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4 Apr 2003 : Column 1229continued
Mr. Dismore: There is another problem with the definition of monument in the Bill. It would not catch, for example, people who were simply using a metal detector in an open field if there were no building nearby. My hon. Friend is right when she talks about treasure and metal content but other objects may be found through field-walking in an area that is of general interest but does not contain an excavation or any other site that is defined as a monument in the Bill. Would she like to comment on that?
Shona McIsaac: Someone who is metal-detecting or field-walking may find something and remove what they find without proper excavation. While there are good metal detectors who work with archaeologists on sites, if some people detect something and dig through, they can destroy the archaeology and that is a worry.
If anyone wants to appreciate the sheer volume of the problems relating to stealing culture, they should read a book that was published by the McDonald Institute for Archaeological Research in Cambridge about three years ago called "Stealing History", the phrase I used earlierpeople are stealing our history. That book details many of the most serious cases of plundering and looting of archaeological sites in the UK. It also details cases involving Khmer temples, mosaics from Kanakariá, Cyprus, which may be the case to which my hon. Friend the Member for Hendon alluded, Lydian treasure from Turkey, the Moche tombs of Sipán in Peru, the Wanborough Romano-British temple and many others, including those in Mali that I mentioned.
It is a phenomenal problem. We have not taken it seriously until now. The Bill goes some way to dealing with that problem. I hope that every hon. Member in the House today will support the Bill and that it clears all its stages as soon as possible, because we cannot allow our history and heritage to be stolen at such an alarming rate any longer.
Michael Fabricant (Lichfield): I rise to support the Bill. As the hon. Member for Sheffield, Hallam (Mr. Allan) said, its genesis lies in the report produced by the Select Committee on Culture, Media and Sport, on which I have the honour to serve, although I was not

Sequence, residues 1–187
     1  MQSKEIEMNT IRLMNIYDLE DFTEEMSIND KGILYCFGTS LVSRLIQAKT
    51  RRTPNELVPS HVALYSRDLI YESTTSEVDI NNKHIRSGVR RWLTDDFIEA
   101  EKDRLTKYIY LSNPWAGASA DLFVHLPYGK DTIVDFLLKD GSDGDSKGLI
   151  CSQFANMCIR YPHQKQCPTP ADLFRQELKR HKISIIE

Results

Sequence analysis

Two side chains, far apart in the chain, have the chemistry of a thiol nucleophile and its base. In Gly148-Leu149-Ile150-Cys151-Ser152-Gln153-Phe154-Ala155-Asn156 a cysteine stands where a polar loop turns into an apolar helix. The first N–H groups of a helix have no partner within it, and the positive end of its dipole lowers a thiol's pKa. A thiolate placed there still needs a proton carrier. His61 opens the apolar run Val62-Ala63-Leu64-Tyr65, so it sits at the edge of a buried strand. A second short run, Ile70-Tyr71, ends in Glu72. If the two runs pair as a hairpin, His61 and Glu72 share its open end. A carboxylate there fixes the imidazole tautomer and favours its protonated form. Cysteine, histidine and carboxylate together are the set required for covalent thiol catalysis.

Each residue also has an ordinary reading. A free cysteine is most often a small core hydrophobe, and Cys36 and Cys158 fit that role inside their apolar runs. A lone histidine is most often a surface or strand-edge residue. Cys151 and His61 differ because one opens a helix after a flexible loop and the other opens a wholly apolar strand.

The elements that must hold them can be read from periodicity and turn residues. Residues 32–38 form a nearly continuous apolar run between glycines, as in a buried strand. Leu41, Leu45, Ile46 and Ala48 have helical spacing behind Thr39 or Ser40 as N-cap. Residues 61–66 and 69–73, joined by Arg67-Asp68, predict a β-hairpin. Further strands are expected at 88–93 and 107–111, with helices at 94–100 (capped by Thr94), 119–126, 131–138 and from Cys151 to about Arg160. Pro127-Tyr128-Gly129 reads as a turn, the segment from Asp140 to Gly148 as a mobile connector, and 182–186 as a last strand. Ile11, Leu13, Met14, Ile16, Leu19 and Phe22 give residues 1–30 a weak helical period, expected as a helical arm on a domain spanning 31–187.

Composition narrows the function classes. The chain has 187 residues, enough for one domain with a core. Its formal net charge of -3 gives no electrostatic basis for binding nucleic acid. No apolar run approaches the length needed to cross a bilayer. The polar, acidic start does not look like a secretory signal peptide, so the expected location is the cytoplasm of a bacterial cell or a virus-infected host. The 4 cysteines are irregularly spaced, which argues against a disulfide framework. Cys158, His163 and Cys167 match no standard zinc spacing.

I was relieved to hear that the Bill will not cover cultural objects that have been in the possession of British museumsI consciously use the pluralfor several years. The Elgin marbles are a rather controversial group of objects that the Greek Government would like to obtain. As I said, I am delighted that they would not fall within the ambit of the Bill, because the Elgin marbles have been better cared for in the United Kingdom than they would have been if they had been kept in Greece. Over the past 50 years, cultural objects kept in Greece have suffered huge corrosion.
Mr. Eric Forth (Bromley and Chislehurst): Although we have been reassured by its promoter that the Bill would have no effect on, for example, the Elgin marbles in the British Museum, does my hon. Friend share my worry that the Bill would strengthen the argument for returning the Elgin marbles, because it would alter the atmosphere and environment in which the debate takes place?
Michael Fabricant: I share my right hon. Friend's concern, which is why I intervened on the hon. Member for Sheffield, Hallam at the outset to ask about that specific point. I was greatly reassured and I know that people both inside and outside the House will note his response. When the Minister makes his winding-up speech, I hope that he will emphasise that this important Bill does not cover objects such as the Elgin marbles.
The hon. Member for Cleethorpes (Shona McIsaac) made an important point when she said that once an object is removed from its original place, without detailed records kept of where, how and in what condition it was found, it becomes almost worthless, certainly so far as archaeologists are concerned. She was right that it is vital to keep records of where objects are found.
I come from a seaside town and often saw people walking around with metal detectors. I hope that whenever such people find somethingwhether treasure trove or notthey record where they found it and, preferably, do not move it until archaeologists and other experts are brought to the site. It is worth noting that Israel has a separate police force, the architectural police, to deal with the problem. The hon. Member for Cleethorpes has witnessed, as I have, people picking up objects in the area of the Parthenon, and in Herculaneum and Pompeii, for example. Remarkably, the guards simply stand there, and seem to do nothing but watch as objects are picked up and put into rucksacks. Sometimes objects are even broken off buildings and put into rucksacks, which is truly extraordinary.